This busy square is one of the major landmarks of London, full of neon lights and a lot of opportunities for people watching. It is famous for the fountain that was installed here at the end of the nineteenth century and for the neon advertising that turned the square into a miniature version of Times Square (Its far less electrically lit up as compared to its NY cousin). At the center of the Circus stands the Shaftesbury Memorial Fountain. It was built in 1893 to commemorate Lord Shaftesbury, a philanthropist known for his support of the poor. The semi-nude statue on top of the fountain depicts the Angel of Christian Charity but was later renamed Eros after the Greek god of love and beauty. The fountain was made in bronze, but the statue is made of aluminum, at the time a novel and rare material. The Circus lies at the intersection of five main roads: Regent Street, Shaftesbury Avenue, Piccadilly Street, Covent Street and Haymarket.
On the south-east direction is Regent Street. It is covered under a seperate blog. you must walk through this street ! The beautiful architecture and eye-catching window displays make every stroll down the historic street one to remember. A legendary street that offers it all; brand shopping, nice boutiques, wonderful architecture, amazing little restaurants and bars at the side streets. Many of the shops are too expensive, and yet, this is the perfect shopping experience. Stunning shops, few designer shops, the biggest toy shop in London (Hamleys). Lights and city traffic illuminate the street at night making it a picturesque London destination:
Walk in Regent Street until you come to the T junction: the Glasshouse St on your right and Vigo St on your left. Turn left onto Vigo Street and there, on the 2nd turn to the left - turn onto Old Bond Street (another way is to walk from Picadilly Cirus along the Picadilly road and turn right to the Old Bond Street. But, I prefer the picturesque Regent Sterret !). I recommend to turn left from Vigo Street to (southward) the Old Bond Street and, later, return all the Old Bond back (northward) - continuing onto the New Bond Street. Old Bond Street was built in the 1680s by Sir Thomas Bond and New Bond Street, the stretch further north, was built 40 years later. Bond Street never fails to impress, from the exclusive boutiques to the famous department stores. Bond Street competes with Knightsbridge as the ultimate luxury shopping experience in London. Things, here around, are a bit too pricey. Practically - better for for window shopping... Most shops do not have prices in the windows. Creme-de-la Creme-type brands. You can continue in the Royal Arcade and Burlington Arcade (closer to Regent Street) and other, less famous, nearby arcades.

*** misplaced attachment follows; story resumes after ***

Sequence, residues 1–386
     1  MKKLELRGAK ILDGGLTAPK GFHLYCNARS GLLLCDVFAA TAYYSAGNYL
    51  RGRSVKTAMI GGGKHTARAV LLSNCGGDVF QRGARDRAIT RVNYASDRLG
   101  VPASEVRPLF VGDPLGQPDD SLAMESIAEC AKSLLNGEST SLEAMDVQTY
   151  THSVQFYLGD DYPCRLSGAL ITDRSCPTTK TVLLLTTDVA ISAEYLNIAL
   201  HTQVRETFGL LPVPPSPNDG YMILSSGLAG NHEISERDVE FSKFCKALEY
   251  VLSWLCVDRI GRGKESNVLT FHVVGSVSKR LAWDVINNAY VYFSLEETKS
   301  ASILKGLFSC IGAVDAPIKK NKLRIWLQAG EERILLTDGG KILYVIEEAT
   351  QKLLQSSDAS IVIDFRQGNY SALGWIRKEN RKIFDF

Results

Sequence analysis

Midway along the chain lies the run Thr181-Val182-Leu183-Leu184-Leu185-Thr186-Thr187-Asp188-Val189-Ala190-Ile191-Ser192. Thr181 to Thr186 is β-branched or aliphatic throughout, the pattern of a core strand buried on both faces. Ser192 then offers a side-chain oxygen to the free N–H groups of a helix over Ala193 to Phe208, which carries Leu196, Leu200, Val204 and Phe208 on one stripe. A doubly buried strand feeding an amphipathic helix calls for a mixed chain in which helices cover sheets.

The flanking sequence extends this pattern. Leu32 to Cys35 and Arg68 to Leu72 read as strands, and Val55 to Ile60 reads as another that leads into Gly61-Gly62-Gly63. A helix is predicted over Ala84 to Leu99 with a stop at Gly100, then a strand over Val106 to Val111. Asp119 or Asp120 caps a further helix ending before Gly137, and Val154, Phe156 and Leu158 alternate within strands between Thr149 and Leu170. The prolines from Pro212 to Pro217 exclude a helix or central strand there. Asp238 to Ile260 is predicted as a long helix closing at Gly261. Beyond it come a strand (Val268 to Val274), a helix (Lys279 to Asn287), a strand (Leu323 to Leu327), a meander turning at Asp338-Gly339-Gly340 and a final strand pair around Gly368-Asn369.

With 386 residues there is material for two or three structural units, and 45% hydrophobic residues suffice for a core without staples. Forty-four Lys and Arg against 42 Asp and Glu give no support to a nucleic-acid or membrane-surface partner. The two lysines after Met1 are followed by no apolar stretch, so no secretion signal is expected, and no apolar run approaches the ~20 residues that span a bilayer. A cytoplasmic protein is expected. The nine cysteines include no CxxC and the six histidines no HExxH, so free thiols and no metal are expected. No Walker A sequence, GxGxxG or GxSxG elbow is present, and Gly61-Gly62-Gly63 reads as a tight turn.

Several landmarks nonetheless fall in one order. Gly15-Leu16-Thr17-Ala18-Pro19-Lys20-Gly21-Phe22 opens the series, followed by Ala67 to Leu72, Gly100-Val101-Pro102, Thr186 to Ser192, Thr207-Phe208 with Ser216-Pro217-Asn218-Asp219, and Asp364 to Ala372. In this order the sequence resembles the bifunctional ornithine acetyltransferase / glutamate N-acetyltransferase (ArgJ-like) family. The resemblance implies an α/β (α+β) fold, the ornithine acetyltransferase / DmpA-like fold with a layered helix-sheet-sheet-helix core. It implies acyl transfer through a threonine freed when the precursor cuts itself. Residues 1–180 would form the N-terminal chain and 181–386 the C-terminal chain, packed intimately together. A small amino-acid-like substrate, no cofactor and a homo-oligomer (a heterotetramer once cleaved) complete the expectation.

Tip: visiting during the sales you can find a good deal.
Bronze statue of Franklin D. Roosevelt and Winston Churchill sitting 'talking' together on a bench in Mayfair (exactly, where Old Bond Street meets New Bond Street). This statue by Lawrence Holofcener was unveiled in year 1995:
Asprey (New Bond Street):
The Royal Arcade - 28 Old Bond Street: Originally called simply ‘The Arcade’. The ‘Royal’ was added after Queen Victoria shopped in 1882 with shirtmaker Hodgson William Brettell. HW opened his shop at No12 in 1880, a year after the arcade was built to connect Brown's Hotel to Bond Street.
Sotheby - International Auction Art Sales - 34-35 New Bond Street:
Hidden above Sotheby’s entrance is the oldest outdoor statue in London: the Ancient Egyptian black basalt body of the lion-goddess Sekhmet. Dates to around 1320 BC:
On number 153 (New Bond Street) (Time-Life Building) , you find various abstract figures of Henry Moore - some human, some not, arranged in a stone screen:
Do not walk until the end of New Bond Street (except of looking at Sotheby...). Turn left to the Bruton street. In the junction of these two streets watch an isolated, interesting wood house with a nice pub:
Take the Bruton street until you face the Berkeley Square. It was originally laid out in the mid 18th century by architect William Kent. The buildings around the square include several by notable architects including Robert Adam. The square features a sculptural fountain by Alexander Munro, made in 1865. A residence in Berkeley Square is highly sought after. The square, resides, actually, in Mayfair:
The Berkeley Square is surrounded by posh car showrooms and property HQs. Rools-Royce:
Return back to Bruton street. Continue onto Conduit St. Turn left onto St. George St. Slight right to stay on St. George St. Turn right onto Hanover St and then Hanover Square. We are in mayfair. The streets which converge at Hanover Square are: Brook Street, Dering Street, Hanover Street, Harewood Place and Princes Street:
St. George Church in Hanover Square:
Head northwest. Turn right onto Princes St. Turn left onto Regent St. Turn right onto Oxford St. and Oxford Circus tube station will be on the right. Bond Street tube station is 7 minutes, 500 m. further to the west on Oxford Street.